“Let Allah be avenged on the polytheist apostate!”
“Allah: empower your religion, make it victorious against the polytheists!”
“Allah, defeat the infidels at the hands of the Muslims!”
Those were the prayers just before the beheading of a Christian convert from Islam in a video released on June 4. The calls to “avenge Allah” that preceded the execution—which reportedly took place in Tunisia—have become commonplace for many Middle Eastern Christians. Radical Islam has quickly spread throughout the region following the ousting of long-standing dictators in the Muslim world’s so-called ‘Arab Spring.’
In Egypt, for example, a leaflet titled, “An Urgent and Important Notice,” was distributed by jihadist organizations on August 14 calling for Muslims to “kill or physically attack the enemies of the religion of Allah—the Christians in all of Egypt’s provinces, the slaves of the Cross, Allah’s curse upon them…” The letter went on to promise a reward to anyone who helps “achieve Allah’s rights against his enemies.”
Not surprising, attacks on the Christian community followed soon after. In the Upper Egypt town of Sohag, four Christian shops were set ablaze and dozens of Christians were severely beaten just days after the leaflets were distributed.
Similar threats are now surfacing in Syria where entire cities have been emptied of Christians while Sunni jihadists, who were fighting alongside al-Qaeda against U.S. forces in Iraq, are returning to fight the regime at home.
“We have experience now fighting the Americans, and more experience now with the Syrian revolution,” said Abu Thuha, an al-Qaeda operative. “Our big hope is to form a Syrian-Iraqi Islamic state for all Muslims, and then announce our war against Iran and Israel, and free Palestine.”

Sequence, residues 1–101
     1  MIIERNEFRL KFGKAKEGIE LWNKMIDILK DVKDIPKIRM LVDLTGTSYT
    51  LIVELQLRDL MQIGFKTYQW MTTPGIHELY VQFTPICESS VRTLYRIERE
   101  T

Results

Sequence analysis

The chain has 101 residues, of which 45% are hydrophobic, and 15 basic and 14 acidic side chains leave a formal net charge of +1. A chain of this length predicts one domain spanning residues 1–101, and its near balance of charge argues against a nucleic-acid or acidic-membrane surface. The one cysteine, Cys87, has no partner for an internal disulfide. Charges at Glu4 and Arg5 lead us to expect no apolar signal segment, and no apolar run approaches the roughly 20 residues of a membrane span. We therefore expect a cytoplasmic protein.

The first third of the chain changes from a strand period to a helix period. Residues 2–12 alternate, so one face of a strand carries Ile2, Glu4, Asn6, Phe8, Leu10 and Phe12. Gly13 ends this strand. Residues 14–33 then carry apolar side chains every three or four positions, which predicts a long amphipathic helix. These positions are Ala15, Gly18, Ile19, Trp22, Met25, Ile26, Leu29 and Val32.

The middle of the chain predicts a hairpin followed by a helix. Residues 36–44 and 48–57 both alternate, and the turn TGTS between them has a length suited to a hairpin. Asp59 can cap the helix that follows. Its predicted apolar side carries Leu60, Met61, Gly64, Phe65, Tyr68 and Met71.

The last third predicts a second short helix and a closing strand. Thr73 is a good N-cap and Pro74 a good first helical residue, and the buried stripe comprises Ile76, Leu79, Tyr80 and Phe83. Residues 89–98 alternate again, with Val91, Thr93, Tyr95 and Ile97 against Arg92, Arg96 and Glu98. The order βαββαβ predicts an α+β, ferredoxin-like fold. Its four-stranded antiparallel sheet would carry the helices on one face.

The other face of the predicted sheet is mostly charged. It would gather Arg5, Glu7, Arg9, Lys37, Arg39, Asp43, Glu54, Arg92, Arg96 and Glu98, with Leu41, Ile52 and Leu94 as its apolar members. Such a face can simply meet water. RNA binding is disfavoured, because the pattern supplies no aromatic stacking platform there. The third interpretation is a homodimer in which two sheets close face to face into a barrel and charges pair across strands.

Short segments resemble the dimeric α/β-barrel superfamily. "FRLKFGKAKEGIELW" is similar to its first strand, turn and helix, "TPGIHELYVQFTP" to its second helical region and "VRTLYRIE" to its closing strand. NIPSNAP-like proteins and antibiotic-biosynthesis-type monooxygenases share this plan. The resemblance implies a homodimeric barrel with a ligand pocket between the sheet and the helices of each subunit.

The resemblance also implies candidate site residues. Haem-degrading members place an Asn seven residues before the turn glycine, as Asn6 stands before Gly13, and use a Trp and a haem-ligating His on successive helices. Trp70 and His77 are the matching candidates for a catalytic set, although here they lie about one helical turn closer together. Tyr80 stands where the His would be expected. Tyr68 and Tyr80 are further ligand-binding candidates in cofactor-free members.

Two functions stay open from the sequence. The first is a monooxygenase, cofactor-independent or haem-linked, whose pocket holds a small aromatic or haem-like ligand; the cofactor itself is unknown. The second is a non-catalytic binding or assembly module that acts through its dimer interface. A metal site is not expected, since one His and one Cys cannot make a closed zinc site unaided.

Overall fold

In a recently released video on YouTube, masked men that claim to belong to the Free Syrian Army hold AK-47s in front of two al-Qaeda flags. “We are now forming suicide cells to make jihad in the name of Allah,” said a speaker in the video. The video is the latest bit of evidence suggesting that al-Qaeda and other Islamic extremists are hijacking the Syrian revolution and quickly gaining control of the country.
According to Agenzia Fides, the official Vatican news agency, Syria’s Salafis—who follow the radical Wahhabi interpretation of Islam found in Saudi Arabia—is another group carrying out “brief executions” against Christian “infidels” while initiating a “sectarian war.” These Christians are given a choice to either join the opposition or face “harassment, discrimination, [and] violence.
The surmounting threats and routine killings of Christians have persuaded hundreds of thousands of Christians to flee the region. Christians in Syria and Egypt often express their fears by referencing the decline of Christianity in Iraq, where about 50 percent of Iraq’s 1.4 million Christians have fled the country amidst nearly a decade of church bombings, kidnappings, and sectarian murder. Will the faithful in other Middle Eastern countries join Iraq’s mass exodus of Christians? Now, more than ever before, Christians in the Middle East are seeking the prayers and support of the international church during this period of great suffering and uncertainty.